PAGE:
Somehow, to my eye, it seems that the much about the game is degraded from the prior successes that Insomniac built, even down to the cutscenes. Ratchet, for example, no longer has visible fur, which he very clearly had in the Ratchet And Clank Future trilogy. The lighting effects seem somewhat inferior to the prior games. Heck, you can’t even skip the game’s numerous cutscenes! This annoys me more than anything else in the game. If we are going be forced to replay existing sections of the game, the very least Insomniac could do was to allow us to skip the tedious cutscene that we might already have seen three or four times prior! Another minor problem I had was that, with four players on-screen at once, things can get a little frenetic, and it’s all too easy to lose track of where you are in the action, especially in the bigger scenes and boss battles where the camera zooms out further than usual.
Still, despite the gripes I have with All 4 One, it is good fun, especially if you are playing it to the fullest with four players. If you don’t have three other friends, you can hop online and find a game in progress to join. I found the matchmaking an incredibly quick, painless process, and you are able to join a game quite easily. If you find that you actually have no friends to play with, and no internet connection to find virtual friends to play with, the game can still very easily played as a single player campaign. The game sends in an AI-controlled player to join you. Usually this is Clank, but if you play as Clank, then you get Captain Quark. The AI player is no stand-in for real people and real cooperation, however, and I found myself getting somewhat annoyed at the AI now and again, especially when time was of the essence. Despite that, however, the AI is assumed to have access to every weapon that you do, and happily switches guns to take tactical advantage of the combined firepower. The AI also revives you when you’re down, and otherwise acts as if a real, player-controlled character were at the helm. Just be aware that there are going to be some of those moments. Heck, it might even be completely realistic, depending on the kinds of people you usually play with.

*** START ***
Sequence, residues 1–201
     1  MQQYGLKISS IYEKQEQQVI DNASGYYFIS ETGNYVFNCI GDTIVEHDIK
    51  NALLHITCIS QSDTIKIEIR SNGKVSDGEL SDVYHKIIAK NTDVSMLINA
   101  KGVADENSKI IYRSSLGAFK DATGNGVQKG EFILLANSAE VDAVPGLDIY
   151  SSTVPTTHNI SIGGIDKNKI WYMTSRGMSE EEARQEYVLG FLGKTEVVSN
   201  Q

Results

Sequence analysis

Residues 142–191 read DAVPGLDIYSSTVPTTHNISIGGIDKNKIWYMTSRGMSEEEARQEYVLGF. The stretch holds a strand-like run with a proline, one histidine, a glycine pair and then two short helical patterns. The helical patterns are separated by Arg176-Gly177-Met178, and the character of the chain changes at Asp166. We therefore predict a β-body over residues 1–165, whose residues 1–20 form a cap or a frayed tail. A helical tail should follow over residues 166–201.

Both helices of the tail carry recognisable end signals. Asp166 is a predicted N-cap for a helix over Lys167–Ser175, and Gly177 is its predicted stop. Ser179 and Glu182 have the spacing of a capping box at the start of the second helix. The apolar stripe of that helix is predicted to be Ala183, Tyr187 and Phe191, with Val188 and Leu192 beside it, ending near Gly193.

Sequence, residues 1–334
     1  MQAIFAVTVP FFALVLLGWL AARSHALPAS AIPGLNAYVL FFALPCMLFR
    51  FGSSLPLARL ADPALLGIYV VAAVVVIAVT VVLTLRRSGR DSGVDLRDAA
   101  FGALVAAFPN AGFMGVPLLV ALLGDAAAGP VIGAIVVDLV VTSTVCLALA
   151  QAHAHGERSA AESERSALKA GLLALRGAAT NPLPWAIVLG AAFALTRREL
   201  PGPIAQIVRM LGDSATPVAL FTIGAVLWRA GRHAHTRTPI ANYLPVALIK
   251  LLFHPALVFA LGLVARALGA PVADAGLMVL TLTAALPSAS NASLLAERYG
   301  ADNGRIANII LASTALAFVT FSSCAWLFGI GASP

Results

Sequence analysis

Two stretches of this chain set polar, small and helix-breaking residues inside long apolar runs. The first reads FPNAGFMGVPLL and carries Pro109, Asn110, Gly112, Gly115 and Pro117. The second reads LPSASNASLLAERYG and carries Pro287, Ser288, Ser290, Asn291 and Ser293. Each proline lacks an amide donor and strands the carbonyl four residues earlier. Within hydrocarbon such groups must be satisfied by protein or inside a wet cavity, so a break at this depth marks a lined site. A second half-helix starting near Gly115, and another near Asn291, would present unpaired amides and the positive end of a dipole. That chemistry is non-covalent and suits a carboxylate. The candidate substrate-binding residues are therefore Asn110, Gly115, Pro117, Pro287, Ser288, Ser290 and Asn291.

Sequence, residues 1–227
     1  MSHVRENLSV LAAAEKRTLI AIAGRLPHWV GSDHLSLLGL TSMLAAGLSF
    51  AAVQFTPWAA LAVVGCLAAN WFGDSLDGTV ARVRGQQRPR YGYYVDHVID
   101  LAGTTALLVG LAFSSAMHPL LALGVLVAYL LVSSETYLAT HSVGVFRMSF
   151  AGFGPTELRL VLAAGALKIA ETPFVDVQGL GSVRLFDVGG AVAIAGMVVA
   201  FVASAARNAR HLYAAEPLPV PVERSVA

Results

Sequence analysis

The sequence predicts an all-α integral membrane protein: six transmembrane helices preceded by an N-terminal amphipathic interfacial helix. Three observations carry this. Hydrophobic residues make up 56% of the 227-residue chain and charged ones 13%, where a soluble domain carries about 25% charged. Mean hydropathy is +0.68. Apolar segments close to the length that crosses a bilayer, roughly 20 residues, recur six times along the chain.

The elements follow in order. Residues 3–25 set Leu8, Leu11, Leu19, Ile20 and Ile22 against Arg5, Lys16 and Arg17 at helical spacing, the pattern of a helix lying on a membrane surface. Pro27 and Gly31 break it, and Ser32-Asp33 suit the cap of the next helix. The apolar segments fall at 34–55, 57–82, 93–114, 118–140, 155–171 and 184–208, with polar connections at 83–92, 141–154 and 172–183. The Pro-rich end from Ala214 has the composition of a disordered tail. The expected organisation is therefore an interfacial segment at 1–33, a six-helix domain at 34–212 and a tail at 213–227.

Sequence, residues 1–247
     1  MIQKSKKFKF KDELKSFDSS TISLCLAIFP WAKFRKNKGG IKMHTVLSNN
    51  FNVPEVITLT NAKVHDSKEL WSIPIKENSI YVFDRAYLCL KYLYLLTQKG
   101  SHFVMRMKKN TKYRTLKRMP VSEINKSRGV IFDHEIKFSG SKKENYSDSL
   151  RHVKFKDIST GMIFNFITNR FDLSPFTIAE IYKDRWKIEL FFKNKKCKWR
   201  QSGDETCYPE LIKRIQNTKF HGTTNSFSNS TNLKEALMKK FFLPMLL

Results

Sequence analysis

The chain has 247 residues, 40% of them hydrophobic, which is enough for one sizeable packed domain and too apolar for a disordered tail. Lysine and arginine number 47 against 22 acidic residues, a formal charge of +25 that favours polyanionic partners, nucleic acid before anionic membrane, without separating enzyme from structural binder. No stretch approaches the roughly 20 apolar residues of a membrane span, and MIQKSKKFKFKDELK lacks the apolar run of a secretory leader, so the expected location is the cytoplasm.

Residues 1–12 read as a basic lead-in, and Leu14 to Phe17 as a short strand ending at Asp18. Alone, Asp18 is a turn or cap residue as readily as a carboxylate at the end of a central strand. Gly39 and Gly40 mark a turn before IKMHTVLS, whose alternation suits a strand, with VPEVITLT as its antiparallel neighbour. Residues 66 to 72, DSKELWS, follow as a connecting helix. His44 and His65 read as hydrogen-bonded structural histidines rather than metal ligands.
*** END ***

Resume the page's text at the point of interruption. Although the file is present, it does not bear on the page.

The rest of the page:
All 4 One allows you to fire up any stage you want from both the single player and multiplayer lobbies, but you should just be aware that if you decide to try a later level with a character you haven’t played with yet, you are going to be severely out-gunned, out-moneyed, and out of patience very quickly. All weapons, bolts, experience, collected monsters, etc etc are persistent. For example, if you played the entire solo campaign with Ratchet, and then head online with Ratchet, all the bolts, weapons, and weapon upgrades you’ve acquired carry over. By the same token, if you decide to take an unplayed Dr. Nefarious into play, you will have zero bolts, zero upgrades, one gun, and the Vac U. It’s a minor point, but one that bears keeping in mind.
In the end, we’re left with a game that seems to forsake much of what made Ratchet and Clank, well, Ratchet and Clank. All of the prior games featured some kind of puzzle segment (as frustrating some of them may have been), all of them featured some over-the-top weapons, and all of them featured the brilliant imagination that Insomniac has become synonymous with, and none of these things seem to have transferred into All 4 One; it’s a heck of a retreat from what make A Crack in Time such an amazingly wonderful game to play, and I include plot in this. On the other hand, the four-player co-op platforming is great fun. The one thing that DID make it over to All 4 One is the zany humour that Ratchet and Clank is known for. One of my favourite sections is being inside The Collector, and hearing a brilliant spoof of Portal’s GLadOS. Heck, there was even mention of cake. All in all, All 4 One is perhaps not the best example of the series, but it’s a great game for bonding with, especially given its family-friendly atmosphere and friendliness toward new players of the series. Personally? I’d prefer to see an HD re-release of the entire PS2-era Ratchet and Clank on the PSN, but I don’t think that’s going to happen any time soon.
Score: 7 prawns out of 10
Developer: Insomniac Games
Publisher: Sony Computer Entertainment
Age Rating: 10